Youth road trauma is a critical public health issue in Australia and New Zealand. Despite the decline in fatalities and injuries in the last decade, the combined cost of crashes for 17-24 year olds is currently close to AUD$6 billion (including approx. AUD$800M for NZ), and the social and personal impacts immeasurable.
Highlights of the 2016 Social Impact Study show that RYDA (Road Safety Education) is a highly impactful experience for students. It creates substantial increases in understanding of road risk factors, such as speed, following distance, distractions, car safety features, hazard perception and the role of personality and mind-state.
Awareness of the consequences of crashes on individuals, and the ripple effect to friends, family, and the community was an area of significant increase (87% of students were more or much more aware).
PBF Australia is involved in the “After the Crash” session in the RYDA programs. This is primarily an activation session designed to make students rethink or challenge their behaviour or attitudes through a focused story which highlights what they can do differently.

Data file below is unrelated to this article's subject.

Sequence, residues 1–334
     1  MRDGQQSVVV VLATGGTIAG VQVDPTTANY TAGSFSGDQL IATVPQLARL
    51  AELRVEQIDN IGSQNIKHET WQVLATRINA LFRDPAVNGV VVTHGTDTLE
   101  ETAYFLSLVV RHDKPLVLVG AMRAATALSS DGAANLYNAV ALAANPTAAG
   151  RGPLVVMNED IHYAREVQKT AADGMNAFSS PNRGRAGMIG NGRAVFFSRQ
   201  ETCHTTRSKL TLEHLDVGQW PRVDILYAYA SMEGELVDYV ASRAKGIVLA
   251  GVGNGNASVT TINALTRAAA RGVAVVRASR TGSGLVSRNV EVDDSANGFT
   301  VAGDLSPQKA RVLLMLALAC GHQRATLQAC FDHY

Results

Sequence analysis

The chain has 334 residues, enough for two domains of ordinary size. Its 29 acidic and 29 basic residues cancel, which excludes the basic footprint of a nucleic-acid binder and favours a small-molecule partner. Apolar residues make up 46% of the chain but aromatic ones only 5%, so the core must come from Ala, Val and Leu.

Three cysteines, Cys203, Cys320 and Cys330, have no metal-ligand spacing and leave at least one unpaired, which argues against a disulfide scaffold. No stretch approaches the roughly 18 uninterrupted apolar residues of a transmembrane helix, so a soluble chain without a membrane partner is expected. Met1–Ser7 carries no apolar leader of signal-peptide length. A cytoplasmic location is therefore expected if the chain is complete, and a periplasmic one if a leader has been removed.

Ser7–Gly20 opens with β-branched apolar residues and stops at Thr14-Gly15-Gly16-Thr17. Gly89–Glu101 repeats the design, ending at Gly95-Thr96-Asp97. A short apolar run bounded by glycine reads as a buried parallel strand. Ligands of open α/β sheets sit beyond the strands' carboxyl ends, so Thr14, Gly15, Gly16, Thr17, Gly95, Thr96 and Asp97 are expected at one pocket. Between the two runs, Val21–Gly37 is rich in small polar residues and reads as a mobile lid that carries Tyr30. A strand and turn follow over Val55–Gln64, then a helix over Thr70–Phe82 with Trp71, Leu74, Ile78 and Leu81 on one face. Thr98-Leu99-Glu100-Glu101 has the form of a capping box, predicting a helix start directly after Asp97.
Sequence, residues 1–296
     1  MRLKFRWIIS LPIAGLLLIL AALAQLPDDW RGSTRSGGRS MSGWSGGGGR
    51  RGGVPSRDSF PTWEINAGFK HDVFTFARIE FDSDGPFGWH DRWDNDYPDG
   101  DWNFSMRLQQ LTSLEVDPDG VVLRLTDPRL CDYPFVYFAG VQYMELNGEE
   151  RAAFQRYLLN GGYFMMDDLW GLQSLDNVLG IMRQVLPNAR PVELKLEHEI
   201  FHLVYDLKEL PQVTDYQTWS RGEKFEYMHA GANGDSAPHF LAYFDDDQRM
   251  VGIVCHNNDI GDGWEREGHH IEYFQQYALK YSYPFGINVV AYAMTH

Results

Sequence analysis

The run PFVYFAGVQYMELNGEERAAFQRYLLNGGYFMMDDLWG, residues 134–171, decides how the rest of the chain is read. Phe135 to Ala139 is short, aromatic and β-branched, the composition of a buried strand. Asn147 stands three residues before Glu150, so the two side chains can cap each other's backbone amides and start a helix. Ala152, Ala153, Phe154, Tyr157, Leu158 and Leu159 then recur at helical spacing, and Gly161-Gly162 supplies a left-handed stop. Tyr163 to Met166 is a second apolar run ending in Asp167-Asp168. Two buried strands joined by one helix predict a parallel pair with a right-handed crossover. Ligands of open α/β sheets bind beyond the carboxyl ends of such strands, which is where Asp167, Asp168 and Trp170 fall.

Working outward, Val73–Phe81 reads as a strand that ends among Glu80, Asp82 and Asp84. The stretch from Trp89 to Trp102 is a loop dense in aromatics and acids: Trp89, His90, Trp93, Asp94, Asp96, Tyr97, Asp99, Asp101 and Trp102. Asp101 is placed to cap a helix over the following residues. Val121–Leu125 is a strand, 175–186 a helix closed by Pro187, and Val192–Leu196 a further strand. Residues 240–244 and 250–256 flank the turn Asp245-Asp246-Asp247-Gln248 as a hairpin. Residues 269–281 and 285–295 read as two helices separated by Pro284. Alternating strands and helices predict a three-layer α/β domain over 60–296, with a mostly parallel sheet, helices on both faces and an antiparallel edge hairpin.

Students found this a compelling session. Having a speaker with life-changing injuries telling their story brought a range of reflective comments on the effect of road crashes. Many of them highlighted the consequences of bad choices on the road
“It made me think about what happened to him and inspired me to do good on the roads and make sure I’m safe as well with other people and things around me. … I think that I’ve learnt a lot of new things about road rules, help on how to concentrate, and that I should always be aware of my surroundings.” Male Student.
Pictured is James Duncan, one of PBF Australia’s Injury Prevention Road presenters. James recently presented to St Peter’s Lutheran College at the Ipswich RSE venue.
You can read the RYDA Social Impact Study in full here